The 12th iteration of Stagecoach kicked off Friday—and festival attendees had one less stage to enjoy than they’ve had in previous years.
The Mustang Tent—which hosted many bluegrass, folk and alt-country bands over the years—is gone. There are now only two stages with music going at any given time, and the alt-country, bluegrass, folk and classic-country acts have been scaled way back. The Mane Stage opens later in the day (the SiriusXM Spotlight stage fills the gap before 4 p.m.), and the Palomino Tent is smaller. Considering previous Palomino headliners like the late Merle Haggard, Willie Nelson and Lynyrd Skynyrd drew crowds that could fill the current Palomino Tent way beyond capacity, this may or may not have been a good decision.
Does this mean Stagecoach is no longer any good? No, it doesn’t; Stagecoach on Friday was still a fantastic time—even if some of the cutbacks, leading to a less-diverse set of acts, were disappointing.
I primarily hung around the Palomino Tent on Friday. Here are some highlights:
• Banditos started things off in the Palomino on Friday afternoon. The Birmingham, Ala., outfit known for mixing things up with Southern rock, garage rock and bluegrass—with a touch of psychedelia—was a hit for the early-afternoon crowd. Vocalist Mary Beth Richardson had a Bohemian look, and her singing was top-notch. Considering this band once played 600 shows over three years, the members know each other—and it shows.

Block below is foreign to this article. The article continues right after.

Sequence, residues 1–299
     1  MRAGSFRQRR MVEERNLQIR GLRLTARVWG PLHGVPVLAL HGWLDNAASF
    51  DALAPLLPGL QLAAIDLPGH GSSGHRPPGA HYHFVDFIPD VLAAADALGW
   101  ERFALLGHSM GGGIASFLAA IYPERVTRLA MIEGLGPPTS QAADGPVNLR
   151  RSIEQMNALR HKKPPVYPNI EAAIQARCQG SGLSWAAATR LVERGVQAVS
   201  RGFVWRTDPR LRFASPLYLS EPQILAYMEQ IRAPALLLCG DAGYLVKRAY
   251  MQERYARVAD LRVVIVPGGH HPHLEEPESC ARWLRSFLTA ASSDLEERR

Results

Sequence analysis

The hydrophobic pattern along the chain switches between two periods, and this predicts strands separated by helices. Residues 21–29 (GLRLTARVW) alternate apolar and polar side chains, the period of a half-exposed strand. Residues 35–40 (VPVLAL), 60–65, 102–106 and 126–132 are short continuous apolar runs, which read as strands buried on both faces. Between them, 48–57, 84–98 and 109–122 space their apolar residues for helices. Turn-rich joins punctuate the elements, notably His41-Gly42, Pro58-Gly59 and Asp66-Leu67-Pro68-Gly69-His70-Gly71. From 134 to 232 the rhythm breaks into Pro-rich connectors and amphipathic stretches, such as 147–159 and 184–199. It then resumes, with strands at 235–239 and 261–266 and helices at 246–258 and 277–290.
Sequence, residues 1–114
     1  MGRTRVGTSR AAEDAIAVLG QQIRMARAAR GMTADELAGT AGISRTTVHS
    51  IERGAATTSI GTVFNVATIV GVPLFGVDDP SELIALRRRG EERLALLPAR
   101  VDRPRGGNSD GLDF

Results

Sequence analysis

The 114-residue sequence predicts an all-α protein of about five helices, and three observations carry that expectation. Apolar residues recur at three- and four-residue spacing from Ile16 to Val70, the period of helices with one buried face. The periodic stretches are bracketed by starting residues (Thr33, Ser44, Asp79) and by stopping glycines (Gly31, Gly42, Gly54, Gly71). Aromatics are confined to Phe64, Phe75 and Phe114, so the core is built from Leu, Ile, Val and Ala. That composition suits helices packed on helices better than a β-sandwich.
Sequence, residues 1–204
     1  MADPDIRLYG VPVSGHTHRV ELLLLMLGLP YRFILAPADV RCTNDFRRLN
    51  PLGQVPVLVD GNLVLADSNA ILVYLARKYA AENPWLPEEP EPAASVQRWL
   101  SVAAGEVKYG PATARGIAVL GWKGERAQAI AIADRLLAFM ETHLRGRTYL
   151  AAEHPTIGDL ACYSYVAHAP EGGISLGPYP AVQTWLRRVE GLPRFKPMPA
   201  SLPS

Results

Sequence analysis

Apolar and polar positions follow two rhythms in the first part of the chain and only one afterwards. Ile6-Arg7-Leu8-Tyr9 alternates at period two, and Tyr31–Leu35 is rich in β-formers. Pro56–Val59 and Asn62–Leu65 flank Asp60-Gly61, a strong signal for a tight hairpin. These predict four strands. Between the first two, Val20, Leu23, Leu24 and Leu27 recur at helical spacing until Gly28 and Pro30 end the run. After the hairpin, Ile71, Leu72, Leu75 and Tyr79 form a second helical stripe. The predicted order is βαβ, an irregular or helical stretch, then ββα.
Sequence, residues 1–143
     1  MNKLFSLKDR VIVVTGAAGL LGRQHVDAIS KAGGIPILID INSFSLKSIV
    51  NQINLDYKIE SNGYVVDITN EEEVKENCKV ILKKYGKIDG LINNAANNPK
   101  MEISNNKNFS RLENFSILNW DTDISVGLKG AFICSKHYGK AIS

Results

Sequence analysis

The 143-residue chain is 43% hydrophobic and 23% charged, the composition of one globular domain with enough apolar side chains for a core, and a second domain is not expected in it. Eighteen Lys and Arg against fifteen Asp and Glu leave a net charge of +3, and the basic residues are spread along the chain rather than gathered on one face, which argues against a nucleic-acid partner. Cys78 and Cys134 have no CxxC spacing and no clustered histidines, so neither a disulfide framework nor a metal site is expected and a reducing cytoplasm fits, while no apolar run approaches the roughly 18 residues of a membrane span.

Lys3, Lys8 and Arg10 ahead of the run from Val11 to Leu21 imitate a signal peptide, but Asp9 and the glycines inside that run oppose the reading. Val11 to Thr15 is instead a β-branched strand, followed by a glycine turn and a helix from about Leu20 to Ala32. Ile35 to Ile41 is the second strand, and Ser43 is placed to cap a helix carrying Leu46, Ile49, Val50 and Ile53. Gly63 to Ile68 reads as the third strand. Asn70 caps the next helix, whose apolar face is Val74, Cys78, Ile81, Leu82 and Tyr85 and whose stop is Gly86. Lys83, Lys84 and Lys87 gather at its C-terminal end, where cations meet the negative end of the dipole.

• Joshua Hedley most likely felt the high temperatures as he stepped onstage in a green suit, embroidered with a tiger and an alligator. Some fans in the crowd were shouting “JOSHUA!” in between songs, to which Hedley replied: “That’s my name; don’t wear it out. I know you are, but what am I?” Hedley just released his first album, Mr. Jukebox—and his Stagecoach performance was an epic celebration.
• The queen of outlaw country, Tanya Tucker, took the stage decked out in what appeared to be white denim with a white Ralph Lauren American flag T-shirt. She came out with swagger and a rather catchy intro before singing “Some Kind of Trouble.” Tucker played to a packed house; even Guy Fieri came down from flavor town to witness Tucker’s set and was shown on the video screen in the crowd. Tucker noted that she had years of hits and not very much time to perform them all—but she did well during her 45-minute set, and even played a cover of Johnny Cash’s “Ring of Fire.”
• When Molly Hatchet took the Palomino stage on Friday evening, the band made the audience sit through Whitesnake’s “Here I Go Again” before a rather dramatic classical choir intro—complete with sounds of thunder. Sadly, things went downhill from there: Singer Phil McCormack didn’t seem to be on top of his game, and his vocals didn’t come through well over guitarist Bobby Ingram and bassist Tim Lindsey. People began leaving shortly after the performance began—leading to a sparse crowd later on.
Check out some photos from Day 1 below, by Kevin Fitzgerald.